A big part of the success of PinkNews has been its ability to find new ways to engage with its audience through brilliant, topical content. The brand has seen astonishing growth on TikTok this year, going from 100,000 followers to more than 400,000 thanks, in large part, to expertly crafted videos breaking down serious issues – both LGBTQ+ related and beyond – in two minutes or less.

“We did something on immigration rules for people with autism in Australia, Canada, the US and the UK and it had 3 million views and prompted a lot of conversation,” says Cohen. “It wasn’t about LGBTQ+ people, it’s about social justice. And from a social justice perspective there are also things that are aligned. So, we do content about racism and it’s not just about people who are LGBTQ+ experiencing racism, it’s about racism generally.

“It’s about minority communities facing discrimination or overcoming discrimination, and we’re all in that same bucket. It’s all about celebrating people’s differences, but also understand the intersectionality of different communities. And that’s what informs our content.”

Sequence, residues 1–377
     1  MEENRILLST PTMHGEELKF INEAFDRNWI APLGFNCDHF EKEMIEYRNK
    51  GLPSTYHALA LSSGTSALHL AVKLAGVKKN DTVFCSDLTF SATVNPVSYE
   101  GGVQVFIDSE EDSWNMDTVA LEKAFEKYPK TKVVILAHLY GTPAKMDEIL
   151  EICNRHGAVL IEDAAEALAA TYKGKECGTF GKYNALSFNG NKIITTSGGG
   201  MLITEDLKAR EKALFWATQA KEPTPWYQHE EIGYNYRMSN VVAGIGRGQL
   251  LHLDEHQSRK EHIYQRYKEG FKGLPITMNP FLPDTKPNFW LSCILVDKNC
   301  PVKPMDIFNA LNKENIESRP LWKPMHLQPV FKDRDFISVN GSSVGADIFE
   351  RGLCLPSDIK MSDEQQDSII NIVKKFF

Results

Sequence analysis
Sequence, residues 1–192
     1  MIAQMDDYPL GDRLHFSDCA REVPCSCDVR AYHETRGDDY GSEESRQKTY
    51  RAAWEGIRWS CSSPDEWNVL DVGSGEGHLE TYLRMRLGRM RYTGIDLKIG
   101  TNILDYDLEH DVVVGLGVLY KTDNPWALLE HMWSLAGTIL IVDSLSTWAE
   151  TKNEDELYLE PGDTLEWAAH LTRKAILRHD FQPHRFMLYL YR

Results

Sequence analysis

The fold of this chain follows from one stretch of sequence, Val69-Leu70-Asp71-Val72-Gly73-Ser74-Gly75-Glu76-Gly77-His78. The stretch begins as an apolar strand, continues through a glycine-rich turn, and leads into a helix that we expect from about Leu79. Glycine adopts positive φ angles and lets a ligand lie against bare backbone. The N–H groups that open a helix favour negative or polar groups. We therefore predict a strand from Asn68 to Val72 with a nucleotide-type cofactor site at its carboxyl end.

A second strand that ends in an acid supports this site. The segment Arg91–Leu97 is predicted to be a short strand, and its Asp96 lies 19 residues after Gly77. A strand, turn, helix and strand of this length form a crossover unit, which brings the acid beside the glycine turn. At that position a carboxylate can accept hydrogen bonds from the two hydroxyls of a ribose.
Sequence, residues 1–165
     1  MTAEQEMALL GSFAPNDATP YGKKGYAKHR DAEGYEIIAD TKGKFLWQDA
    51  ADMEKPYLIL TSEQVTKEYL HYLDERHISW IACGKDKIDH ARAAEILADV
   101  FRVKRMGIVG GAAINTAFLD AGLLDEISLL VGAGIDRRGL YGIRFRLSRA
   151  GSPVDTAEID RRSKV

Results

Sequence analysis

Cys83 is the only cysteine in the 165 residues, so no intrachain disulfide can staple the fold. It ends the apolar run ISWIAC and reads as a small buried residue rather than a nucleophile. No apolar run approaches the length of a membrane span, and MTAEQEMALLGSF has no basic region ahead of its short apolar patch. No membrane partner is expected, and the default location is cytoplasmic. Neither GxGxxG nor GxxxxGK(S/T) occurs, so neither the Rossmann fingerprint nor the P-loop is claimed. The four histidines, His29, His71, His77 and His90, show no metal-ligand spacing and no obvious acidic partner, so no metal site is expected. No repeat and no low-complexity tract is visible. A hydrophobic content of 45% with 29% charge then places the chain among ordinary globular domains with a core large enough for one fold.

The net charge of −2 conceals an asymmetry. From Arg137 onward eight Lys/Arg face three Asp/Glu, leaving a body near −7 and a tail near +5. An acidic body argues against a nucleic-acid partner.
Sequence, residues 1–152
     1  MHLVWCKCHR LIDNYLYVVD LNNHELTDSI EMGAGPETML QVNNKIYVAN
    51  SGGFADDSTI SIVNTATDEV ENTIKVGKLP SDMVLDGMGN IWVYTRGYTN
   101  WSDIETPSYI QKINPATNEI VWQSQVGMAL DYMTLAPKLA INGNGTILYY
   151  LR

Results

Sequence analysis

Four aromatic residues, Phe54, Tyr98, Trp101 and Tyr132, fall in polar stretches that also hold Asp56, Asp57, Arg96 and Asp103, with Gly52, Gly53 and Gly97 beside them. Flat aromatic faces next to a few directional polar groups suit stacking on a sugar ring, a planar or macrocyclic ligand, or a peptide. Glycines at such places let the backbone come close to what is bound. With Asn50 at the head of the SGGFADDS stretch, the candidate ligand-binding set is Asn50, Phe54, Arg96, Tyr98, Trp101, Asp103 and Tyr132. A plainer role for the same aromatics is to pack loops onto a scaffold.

While the vast majority of the money PinkNews makes is generated on social media platforms through revenue share, the brand is doing everything it can to drive users towards its own website and secure more direct revenue.

“I would say our strategy up until the end of last year was focused on meeting the users where they are and trying to build revenue there. But as we see with the demise of BuzzFeed News, and the significant decline in Vice, just doing that on the social platforms isn’t necessarily the smartest thing to do.